15 years 6 months ago

Beyond the catastrophe itself, I’m amazed at the inadequacy of the relief effort thus far. To have people dying in their attics from flood water long after the initial event; patients expiring in hospitals for lack of oxygen, power, and water; and rampant looting is astounding. The failure of officials to get people evacuated from the city, both before and after the event, speaks poorly for our disaster preparation.

This seems like not only a natural disaster, but a complete failure of the entire infrastructure in a major American city. Having lived in New Orleans for four years, I’m shocked at the utter devastation, and more shocked at the poor response on so many levels.

Of course, you have to credit the emergency workers, police, National Guard, and volunteers who are doing their jobs under brutal conditions. And, there are glimmers of hope such as Chase reopening suburban bank branches, waiving ATM fees, and offering free checking. And, Texas is doing a terrific thing by taking in refugees and even enrolling their kids in Texas schools.

Katya Robinson
Guest
Katya Robinson
15 years 6 months ago

Thanks for calling attention to this important issue. Please also add http://www.networkforgood.org to your list of organizations
helping in relief areas. You can donate to all the major agencies rushing relief to the area online safely and securely on this one web site.

Don Delzell
Guest
Don Delzell
15 years 6 months ago
Katrina is a disaster of unprecedented scale for our country. We’ve talked in the past about Leaders. What must be done here is for each of us, regardless of our position in industry or the community, to demonstrate leadership. I’ve asked each of my clients to coordinate efforts toward providing whatever support they feel comfortable. What each individual and organization should do is to ask “what am I best suited to do in response to this”? For example, if I’m McDonald’s, I’m looking to see if I can set up temporary locations in the refugee camps that are going to exist, and can I subsidize the cost (because these people are unemployed and will remain so for awhile). If I’m Wal-Mart I should be looking at clothing these people, providing for subsistence comfort. Refugee camps quickly become nightmares. Anyone that visited the Palestinian camps or those in Bosnia can tell you better than I. Corporate America: you are very good at certain things. Bring that expertise to bear in helping. Think it through. If everyone… Read more »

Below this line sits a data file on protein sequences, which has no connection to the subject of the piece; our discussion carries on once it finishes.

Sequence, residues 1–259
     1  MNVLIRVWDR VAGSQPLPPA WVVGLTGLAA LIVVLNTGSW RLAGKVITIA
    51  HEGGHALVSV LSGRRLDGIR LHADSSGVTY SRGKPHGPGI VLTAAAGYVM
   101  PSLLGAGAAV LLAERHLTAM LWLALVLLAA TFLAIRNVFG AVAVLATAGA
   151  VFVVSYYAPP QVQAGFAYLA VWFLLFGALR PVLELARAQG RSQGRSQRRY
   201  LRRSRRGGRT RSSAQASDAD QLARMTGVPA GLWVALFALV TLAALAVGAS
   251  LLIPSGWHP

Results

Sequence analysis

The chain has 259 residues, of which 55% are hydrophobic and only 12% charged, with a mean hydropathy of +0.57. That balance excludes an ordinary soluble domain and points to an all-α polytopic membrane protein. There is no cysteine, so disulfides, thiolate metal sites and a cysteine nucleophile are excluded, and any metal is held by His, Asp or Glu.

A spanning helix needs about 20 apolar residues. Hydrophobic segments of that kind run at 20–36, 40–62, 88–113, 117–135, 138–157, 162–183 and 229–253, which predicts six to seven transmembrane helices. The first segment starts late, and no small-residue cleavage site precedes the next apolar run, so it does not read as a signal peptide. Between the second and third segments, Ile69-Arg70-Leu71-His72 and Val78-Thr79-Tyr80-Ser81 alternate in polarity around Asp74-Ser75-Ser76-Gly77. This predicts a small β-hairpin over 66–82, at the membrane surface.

Ed Dennis
Guest
Ed Dennis
15 years 6 months ago
Katrina has proven how fragile our communications systems are in the face of a disaster. What is even more unbelievable is how those who have the ability to communicate are totally oblivious to the service they could provide. I see all of our “24/7” news channels basically doing the same old thing. I even saw one “astute” reporter spend valuable time trying to place blame on officials for what he determined to be “slow” relief efforts. This was an opportunity for our media channels to shine but they have done little beyond hop from one Wow to another. If they were serving the public they would be crawling radio frequencies to let people know where to tune for local relief information. They would have Red Cross, FEMA, Salvation Army, etc. representatives on air and publishing locations where relief can be coordinated. The media can talk to all of us 24/7. They can certainly use this precious time and energy to be part of the solution. I think we all are aware of the problem. This… Read more »